Understanding Colombia’s armed conflict: The role of drugs

(Image: US Coast Guard Petty Officer 2nd Class Connie Terrell)

While not widely considered a cause, drug trafficking has played a mayor role in Colombia’s armed conflict as it has been the main source of income for the illegal armed groups involved in the violence.

In much of the world, Colombia is virtually synonymous with narco-trafficking. Cocaine, in particular, has become closely associated with this Andean nation, even though Peru took over is the world’s leading producer of the drug in 2012.

The relationship between narco-trafficking and violence in Colombia is a complicated one. On the one hand, virtually every observer recognizes that the trade has contributed in a significant manner to the Colombian conflict.

Undoubtedly, it has aggravated an already volatile situation by increasing the financial and armed power of illegal groups. On the other hand, it is hotly disputed whether the drug trade has been a cause of the conflict or simply a symptom of more structural problems.

Former President Alvaro Uribe and his followers tend to favor the former. The former president has often said the FARC is simply a narco-terrorist criminal organization that only seeks to increase its own power in Colombian society. Its supposed grievances and critiques of Colombian society therefore merit little to no attention in this view.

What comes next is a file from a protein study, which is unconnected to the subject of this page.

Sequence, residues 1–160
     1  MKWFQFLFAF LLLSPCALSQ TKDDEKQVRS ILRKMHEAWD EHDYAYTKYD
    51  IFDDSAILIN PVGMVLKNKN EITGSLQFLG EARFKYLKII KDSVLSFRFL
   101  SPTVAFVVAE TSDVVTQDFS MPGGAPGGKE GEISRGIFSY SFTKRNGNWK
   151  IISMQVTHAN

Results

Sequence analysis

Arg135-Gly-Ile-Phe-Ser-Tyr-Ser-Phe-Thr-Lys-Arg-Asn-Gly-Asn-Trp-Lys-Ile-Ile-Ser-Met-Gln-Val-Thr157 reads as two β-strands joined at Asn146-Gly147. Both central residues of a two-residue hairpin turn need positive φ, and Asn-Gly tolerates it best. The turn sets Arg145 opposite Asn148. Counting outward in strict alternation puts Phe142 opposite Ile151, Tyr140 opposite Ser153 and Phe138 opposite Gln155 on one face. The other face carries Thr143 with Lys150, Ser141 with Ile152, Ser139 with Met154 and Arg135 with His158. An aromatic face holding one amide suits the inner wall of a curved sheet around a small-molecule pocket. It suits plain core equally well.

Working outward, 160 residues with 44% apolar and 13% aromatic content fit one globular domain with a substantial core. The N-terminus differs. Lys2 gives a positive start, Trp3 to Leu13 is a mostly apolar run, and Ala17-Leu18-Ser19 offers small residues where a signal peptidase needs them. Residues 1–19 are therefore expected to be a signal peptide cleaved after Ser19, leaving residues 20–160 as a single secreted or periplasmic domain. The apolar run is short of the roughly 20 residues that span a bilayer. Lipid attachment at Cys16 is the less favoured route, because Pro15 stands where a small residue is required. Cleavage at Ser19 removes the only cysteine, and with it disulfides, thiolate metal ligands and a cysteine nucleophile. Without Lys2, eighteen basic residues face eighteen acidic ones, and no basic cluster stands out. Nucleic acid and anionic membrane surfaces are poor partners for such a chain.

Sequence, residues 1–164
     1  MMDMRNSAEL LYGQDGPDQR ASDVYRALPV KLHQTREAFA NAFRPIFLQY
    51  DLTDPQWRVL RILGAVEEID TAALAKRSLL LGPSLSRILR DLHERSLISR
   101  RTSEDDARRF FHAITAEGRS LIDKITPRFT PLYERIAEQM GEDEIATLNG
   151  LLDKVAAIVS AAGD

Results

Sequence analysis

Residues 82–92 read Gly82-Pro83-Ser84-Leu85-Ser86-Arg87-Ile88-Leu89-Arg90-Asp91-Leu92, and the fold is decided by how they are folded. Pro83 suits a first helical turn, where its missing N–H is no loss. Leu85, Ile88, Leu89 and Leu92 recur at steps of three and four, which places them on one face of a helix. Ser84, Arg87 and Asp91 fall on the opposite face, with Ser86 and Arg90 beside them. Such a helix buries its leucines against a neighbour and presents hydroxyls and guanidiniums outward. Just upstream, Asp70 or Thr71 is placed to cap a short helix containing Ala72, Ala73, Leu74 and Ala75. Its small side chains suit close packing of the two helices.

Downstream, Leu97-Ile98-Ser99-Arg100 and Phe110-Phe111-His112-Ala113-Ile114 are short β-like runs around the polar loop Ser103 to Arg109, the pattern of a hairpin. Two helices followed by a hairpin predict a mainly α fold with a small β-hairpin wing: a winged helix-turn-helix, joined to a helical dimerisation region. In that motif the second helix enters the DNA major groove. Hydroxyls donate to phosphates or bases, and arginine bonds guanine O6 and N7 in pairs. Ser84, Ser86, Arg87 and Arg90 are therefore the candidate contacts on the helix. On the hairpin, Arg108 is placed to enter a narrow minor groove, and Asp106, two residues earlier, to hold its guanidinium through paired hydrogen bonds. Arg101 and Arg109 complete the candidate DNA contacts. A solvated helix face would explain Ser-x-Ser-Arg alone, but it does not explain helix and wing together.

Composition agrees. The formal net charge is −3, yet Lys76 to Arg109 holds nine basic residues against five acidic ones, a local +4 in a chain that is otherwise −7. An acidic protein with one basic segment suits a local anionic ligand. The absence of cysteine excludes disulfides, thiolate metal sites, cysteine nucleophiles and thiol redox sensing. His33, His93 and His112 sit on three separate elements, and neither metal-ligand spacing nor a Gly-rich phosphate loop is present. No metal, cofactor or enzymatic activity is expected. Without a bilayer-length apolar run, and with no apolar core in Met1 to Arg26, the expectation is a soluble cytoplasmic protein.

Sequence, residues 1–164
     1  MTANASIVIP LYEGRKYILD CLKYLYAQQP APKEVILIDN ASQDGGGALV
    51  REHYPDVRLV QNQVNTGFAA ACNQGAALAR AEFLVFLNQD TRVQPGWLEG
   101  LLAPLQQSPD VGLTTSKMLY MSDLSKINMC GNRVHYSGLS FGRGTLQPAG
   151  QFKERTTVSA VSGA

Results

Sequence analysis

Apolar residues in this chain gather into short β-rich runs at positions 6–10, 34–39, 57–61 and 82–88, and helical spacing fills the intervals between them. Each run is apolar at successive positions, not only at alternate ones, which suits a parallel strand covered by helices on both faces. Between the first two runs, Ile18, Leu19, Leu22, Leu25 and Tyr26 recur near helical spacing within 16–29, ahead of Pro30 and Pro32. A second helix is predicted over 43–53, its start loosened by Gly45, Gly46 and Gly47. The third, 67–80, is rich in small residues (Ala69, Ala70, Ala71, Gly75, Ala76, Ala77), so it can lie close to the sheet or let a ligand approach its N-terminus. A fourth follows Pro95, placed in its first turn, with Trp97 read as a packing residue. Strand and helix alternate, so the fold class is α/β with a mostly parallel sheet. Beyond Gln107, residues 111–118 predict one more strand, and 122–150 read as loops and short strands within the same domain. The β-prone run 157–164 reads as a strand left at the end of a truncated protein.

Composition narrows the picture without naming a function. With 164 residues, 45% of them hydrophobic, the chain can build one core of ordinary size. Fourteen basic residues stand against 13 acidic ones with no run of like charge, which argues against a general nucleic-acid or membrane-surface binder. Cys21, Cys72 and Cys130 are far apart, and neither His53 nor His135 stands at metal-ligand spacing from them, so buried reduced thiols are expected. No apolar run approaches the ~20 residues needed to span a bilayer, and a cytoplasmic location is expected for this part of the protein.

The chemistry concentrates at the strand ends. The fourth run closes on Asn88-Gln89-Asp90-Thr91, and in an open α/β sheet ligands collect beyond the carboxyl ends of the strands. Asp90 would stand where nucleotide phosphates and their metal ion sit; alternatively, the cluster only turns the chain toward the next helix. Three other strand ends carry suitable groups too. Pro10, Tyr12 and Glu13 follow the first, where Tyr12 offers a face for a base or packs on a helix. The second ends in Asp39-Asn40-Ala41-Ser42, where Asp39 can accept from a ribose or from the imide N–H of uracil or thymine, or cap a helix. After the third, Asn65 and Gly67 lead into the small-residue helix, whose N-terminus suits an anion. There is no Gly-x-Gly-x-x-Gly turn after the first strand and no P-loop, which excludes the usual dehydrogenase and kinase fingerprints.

Another view tends to see drug trafficking in Colombia as a response to structural factors and a way in which leftists guerrillas and right-wing paramilitaries funded their struggles and/or operations.

The rise of narco-trafficking

The international drug trade did not become a significant phenomenon in Colombia until the 1970s with the increased demand for marijuana, particularly in the United States. By the 1980s, cocaine had become the most common substance to be illegally grown, processed, and trafficked.

Peru and Bolivia, who share Colombia’s Andean climate and prime conditions for the cultivation of coca, have also been key sources in the production of the drug.

Weak institutions failed to adequately respond to the phenomenon. They were unable to provide sufficient economic opportunities for those eventually drawn into the trade nor law enforcement to combat it.

Over the decades, the nature of the drug trade, those involved, and its role in the conflict has evolved. The actors have often had highly conflicting ideologies and maintained a range of relations with the state. An examination of each is helpful in understanding the role of the drug trade in the Colombian conflict.

The drug cartels

Image of Avianca flight 203 that was taken down by the Medellin Cartel in 1989 (Photo: Palenque Tours)

The most infamous organization involved in narco-trafficking was Pablo Escobar’s Medellin Cartel. Part of Escobar’s legacy was the amount of violence he used in order to increase his own power and the profits of his business. Much of the violence emanating from the Medellin Cartel was related to its confrontation with the state and its rivalry with the Cali Cartel.